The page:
Our garden is better than ever this summer! Check out our summer garden tour to see what we’ve done to make gardening easier and more efficient this year.
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Where are we?
Let me first start off by telling you all that we live in New England, and are in USDA hardiness zone 6b. We are lucky enough to experience all four seasons each year, but without a cold frame or greenhouse we do have a shorter growing season.
2020 Summer Garden Setup
2020 marks the third summer we have lived in our farmhouse, and we’ll just say it’s taken some time to figure out how to efficiently plant with a large garden. Our previous home had a very small garden, with beautiful raised beds and was small enough to weed and manage daily. Now, our garden is 40×60, and we certainly don’t always have time each day to tend to it’s needs. We’ve had a few trial and error growing seasons so far, and I am excited to share our successes with you all!
One of the most effective weed-prevention techniques we have discovered so far was building raised beds. After the beds were built, we stapled landscape fabric over the top to prevent weeds from growing. Immediately before planting, cut holes in the landscape fabric to allow the plants to grow.
In addition to weed control, raised beds have been a great way for us to organize our crops. For example, we have one designated bed for salad crops.
Landscape fabric also keeps most of the dirt from getting onto the leaves or damaging the plants. This makes food prep a breeze! As I’m writing this, I’m having flashbacks to that time we grew curly kale without landscape fabric and I think I washed those leaves for days and still had dirt!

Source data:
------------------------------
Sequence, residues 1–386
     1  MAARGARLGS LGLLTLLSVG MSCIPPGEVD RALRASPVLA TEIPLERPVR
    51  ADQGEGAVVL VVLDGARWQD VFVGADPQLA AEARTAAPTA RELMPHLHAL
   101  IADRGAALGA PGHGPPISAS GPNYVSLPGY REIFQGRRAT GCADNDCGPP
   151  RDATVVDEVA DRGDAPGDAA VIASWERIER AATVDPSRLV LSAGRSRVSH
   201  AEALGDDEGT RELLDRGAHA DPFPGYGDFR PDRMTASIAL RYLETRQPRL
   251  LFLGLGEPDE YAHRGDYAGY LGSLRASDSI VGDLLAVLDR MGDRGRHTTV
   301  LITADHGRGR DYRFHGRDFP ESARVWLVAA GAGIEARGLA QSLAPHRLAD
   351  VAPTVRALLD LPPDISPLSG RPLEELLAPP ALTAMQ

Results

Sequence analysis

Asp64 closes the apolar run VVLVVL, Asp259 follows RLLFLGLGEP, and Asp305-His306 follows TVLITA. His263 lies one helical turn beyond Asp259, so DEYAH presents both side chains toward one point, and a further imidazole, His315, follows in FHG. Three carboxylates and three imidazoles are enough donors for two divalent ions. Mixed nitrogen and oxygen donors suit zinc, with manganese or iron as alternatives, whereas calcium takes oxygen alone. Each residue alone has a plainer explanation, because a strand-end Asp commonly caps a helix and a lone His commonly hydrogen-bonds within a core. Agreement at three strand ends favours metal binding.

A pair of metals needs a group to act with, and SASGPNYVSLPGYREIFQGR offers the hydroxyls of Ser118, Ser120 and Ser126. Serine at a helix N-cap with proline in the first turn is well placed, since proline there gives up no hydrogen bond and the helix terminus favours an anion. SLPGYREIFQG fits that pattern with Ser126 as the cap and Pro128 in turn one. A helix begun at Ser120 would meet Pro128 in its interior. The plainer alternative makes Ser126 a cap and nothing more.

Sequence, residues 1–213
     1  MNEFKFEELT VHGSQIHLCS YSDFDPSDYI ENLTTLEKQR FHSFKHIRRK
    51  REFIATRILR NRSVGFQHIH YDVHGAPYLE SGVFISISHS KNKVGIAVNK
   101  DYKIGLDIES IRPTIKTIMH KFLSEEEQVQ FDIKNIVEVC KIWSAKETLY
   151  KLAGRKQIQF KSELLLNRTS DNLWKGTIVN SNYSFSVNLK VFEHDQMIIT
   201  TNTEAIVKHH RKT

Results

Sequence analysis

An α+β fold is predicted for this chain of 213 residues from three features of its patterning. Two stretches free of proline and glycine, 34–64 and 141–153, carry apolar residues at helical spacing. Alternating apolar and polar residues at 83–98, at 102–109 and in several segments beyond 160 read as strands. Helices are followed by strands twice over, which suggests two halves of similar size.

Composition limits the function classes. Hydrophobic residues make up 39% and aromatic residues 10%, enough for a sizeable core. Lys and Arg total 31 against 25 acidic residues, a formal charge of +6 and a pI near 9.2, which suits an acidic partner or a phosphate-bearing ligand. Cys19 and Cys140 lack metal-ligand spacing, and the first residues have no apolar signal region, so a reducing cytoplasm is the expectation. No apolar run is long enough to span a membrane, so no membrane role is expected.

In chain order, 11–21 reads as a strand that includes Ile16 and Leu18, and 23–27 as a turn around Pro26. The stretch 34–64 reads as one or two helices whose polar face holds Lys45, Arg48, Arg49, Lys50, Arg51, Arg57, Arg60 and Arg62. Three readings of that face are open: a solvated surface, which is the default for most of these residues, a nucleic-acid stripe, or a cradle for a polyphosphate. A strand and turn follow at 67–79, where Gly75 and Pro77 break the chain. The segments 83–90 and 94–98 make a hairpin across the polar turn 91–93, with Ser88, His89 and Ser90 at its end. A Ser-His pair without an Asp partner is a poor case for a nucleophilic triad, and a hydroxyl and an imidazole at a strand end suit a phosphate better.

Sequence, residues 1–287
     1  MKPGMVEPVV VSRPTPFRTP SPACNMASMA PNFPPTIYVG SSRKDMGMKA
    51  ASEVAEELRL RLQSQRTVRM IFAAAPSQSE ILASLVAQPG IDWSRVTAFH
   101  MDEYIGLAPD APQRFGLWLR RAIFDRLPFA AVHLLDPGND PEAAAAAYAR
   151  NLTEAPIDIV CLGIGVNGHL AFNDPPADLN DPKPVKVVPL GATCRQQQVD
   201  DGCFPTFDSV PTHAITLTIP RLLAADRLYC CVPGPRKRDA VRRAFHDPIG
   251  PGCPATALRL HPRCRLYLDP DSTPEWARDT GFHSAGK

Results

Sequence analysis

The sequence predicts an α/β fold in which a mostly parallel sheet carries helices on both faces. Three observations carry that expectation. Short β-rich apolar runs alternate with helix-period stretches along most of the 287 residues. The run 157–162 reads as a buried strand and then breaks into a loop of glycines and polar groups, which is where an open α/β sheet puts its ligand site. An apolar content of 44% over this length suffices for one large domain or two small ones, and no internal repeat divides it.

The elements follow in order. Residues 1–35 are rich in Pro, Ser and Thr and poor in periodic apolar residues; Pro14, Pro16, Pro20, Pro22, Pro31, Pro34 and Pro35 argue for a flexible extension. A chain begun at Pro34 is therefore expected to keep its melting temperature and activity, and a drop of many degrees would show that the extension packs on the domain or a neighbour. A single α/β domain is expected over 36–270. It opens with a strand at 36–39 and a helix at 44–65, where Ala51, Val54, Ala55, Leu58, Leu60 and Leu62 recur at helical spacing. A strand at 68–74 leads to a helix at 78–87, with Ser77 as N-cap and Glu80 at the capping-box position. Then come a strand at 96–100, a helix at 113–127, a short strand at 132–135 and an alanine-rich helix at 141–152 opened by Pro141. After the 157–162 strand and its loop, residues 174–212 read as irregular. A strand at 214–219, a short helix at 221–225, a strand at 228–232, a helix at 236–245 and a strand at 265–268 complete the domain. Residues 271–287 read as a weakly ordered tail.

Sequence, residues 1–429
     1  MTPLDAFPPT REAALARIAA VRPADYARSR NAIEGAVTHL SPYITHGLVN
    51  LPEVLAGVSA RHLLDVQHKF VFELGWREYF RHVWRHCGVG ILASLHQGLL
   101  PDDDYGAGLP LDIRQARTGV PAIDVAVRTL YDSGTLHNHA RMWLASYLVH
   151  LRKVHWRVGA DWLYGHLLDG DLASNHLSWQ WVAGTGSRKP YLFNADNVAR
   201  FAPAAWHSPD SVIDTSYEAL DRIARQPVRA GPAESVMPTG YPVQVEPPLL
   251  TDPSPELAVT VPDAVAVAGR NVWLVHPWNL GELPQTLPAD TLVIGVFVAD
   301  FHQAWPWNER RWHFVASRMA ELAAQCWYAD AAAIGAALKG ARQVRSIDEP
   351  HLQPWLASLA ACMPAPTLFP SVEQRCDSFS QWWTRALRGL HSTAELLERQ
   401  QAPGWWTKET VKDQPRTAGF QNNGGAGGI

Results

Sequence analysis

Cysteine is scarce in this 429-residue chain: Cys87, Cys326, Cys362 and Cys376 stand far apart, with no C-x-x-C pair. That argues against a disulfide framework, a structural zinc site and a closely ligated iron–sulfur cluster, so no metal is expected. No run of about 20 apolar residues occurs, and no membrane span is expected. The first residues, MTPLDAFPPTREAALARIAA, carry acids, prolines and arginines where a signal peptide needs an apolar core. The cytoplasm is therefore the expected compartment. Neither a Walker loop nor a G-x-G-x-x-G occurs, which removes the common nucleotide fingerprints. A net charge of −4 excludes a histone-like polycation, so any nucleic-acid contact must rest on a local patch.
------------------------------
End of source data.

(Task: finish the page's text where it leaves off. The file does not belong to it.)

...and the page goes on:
One of the most important lessons that we’ve learned in the garden, is that whatever worked to keep critters out of your garden last year will not work the same way the following year.
Our garden is fenced in with chain link fencing. Above the chain link fence, we have strung twine at various heights so that deer can’t jump over the chain link fence into the garden.
Last year, we hung CDs around our garden fence one year, and the reflection and movement was enough to keep deer away. This worked so well for deer, but the family of groundhogs did not care a bit about the CDs! Last summer, baby groundhogs were small enough to walk through the chain link garden fence and ate a great deal of our veggies.
Early this spring, my husband and I were eating dinner and looking out the window at our property. We saw a beautiful deer, but then thought it looked like it was quite close … then we realized the deer was actually standing in the middle of our garden! The CDs were no longer a threat, so the deer jumped the fence and ate some grass. This is when we realized how important it is to update pest control each year!
The previous homeowner used solar-powered electric fence to keep pests out of the garden. This is a great idea, however with two toddlers we did not feel comfortable installing electric fence at this season of life. Instead, we installed chain link fencing all around the garden, then hung bright yellow string across the fence posts, making a high barrier to prevent deer from jumping in. We installed a second row of string after we spotted the doe in our garden, and have not had any deer issues all season long.
We believe in chemical-free gardening, so to combat any bugs in our garden we generally remove the insects by hand and spray our plants with a mixture of mint castile soap and water. For more all-natural cleaning ideas, grab a copy of my free ebook “Cleaning Naturally” here.
Summer Garden Tour